Peter “Spike” Chippalone, 49, of no fixed abode, feels aggrieved that he cannot claim the status of victim.
Spike assures The Sunday Age he has put his 22-year drug addiction behind him and is using knowledge gained from an arts degree and a community development diploma to champion the cause of the homeless. He says:
People that are gay, bisexual, greenies, bank users, public transport users – they all have their voice but there is nothing for the homeless.
Spike has a point but sadly it is inevitable that in dividing people into oppressors and victims, some unfortunates find themselves caught on the wrong side of a the ledger.
It suggests the Gillard Government’s Homelessness Bill 2013 missed the mark. The Bill, former homelessness and housing minister Mark Butler told us, was aimed “at increasing recognition and awareness of people who are homeless or at risk of homelessness.”
Labor ran out of parliamentary time before it was able to pass the Bill, but presumably Spike feels as I do that:
If you’re looking for hand-wringing symbolism, a statement that says merely, “I feel your pain”, it is hard to beat the Homelessness Bill 2013. Indeed “law” may be putting it a little strongly, for this is an instrument with no legislative purpose, other than to proclaim that the government’s heart is in the right place.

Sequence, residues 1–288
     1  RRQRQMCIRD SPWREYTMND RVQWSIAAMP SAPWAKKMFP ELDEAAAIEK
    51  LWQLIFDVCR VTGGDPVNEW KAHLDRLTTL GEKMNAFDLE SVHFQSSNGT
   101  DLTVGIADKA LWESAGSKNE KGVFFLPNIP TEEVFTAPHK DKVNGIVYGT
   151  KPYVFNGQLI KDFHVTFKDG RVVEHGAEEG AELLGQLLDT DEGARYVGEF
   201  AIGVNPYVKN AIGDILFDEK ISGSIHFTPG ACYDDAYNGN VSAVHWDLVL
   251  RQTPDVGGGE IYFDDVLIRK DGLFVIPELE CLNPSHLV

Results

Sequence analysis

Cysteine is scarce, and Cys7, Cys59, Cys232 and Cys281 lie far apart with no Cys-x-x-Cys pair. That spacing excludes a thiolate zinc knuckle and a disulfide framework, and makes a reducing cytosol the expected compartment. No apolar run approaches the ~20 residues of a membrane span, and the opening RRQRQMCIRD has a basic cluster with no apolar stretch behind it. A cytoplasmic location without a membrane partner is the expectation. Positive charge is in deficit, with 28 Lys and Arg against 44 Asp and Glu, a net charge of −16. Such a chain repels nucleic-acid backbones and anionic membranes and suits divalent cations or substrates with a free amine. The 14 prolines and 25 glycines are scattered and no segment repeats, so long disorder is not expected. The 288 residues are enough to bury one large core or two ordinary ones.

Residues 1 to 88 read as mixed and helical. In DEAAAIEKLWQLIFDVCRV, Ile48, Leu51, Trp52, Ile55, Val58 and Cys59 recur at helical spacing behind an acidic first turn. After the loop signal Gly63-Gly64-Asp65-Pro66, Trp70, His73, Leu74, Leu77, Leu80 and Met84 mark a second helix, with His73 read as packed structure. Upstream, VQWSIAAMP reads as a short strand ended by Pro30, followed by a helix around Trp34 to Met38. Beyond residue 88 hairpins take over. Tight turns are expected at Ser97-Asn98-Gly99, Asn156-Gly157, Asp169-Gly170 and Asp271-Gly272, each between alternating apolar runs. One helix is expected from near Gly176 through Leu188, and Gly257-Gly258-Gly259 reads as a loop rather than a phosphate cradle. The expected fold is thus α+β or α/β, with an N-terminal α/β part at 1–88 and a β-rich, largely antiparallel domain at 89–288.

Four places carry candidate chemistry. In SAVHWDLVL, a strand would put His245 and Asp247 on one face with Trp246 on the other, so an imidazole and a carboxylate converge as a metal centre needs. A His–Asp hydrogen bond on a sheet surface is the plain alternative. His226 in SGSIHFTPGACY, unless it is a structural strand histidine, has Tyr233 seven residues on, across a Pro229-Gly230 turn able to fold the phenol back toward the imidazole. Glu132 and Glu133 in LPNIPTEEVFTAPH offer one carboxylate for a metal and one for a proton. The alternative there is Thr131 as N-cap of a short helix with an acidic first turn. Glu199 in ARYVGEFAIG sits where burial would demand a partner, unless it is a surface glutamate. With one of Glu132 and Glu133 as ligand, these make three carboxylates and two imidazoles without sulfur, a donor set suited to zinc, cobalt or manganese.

Roger Scruton sees “an aggressive sentimentality” at work in the modern charade of victims and oppressors:
I call this sentimentality “totalitarian” since — like totalitarian government — it seeks out opposition and carefully extinguishes it, in all the places where opposition might form. Its goal is to “solve” our social problems, by imposing burdens on responsible citizens, and lifting burdens from the “victims,” who have a “right” to state support. The result is to replace old social problems, which might have been relieved by private charity, with the new and intransigent problems fostered by the state.
I’m not sure if Scruton’s words will be any comfort to Spike, but neither apparently was Kevin Rudd’s pledge in 2008 that Labor would half the number of homeless by 2020.
Last year a report by the federal Auditor-General found despite governments committing $1.1 billion since 2008 to tackling homelessness, the number of homeless people increased from almost 90,000 in 2006 to more than 105,000 people by 2011.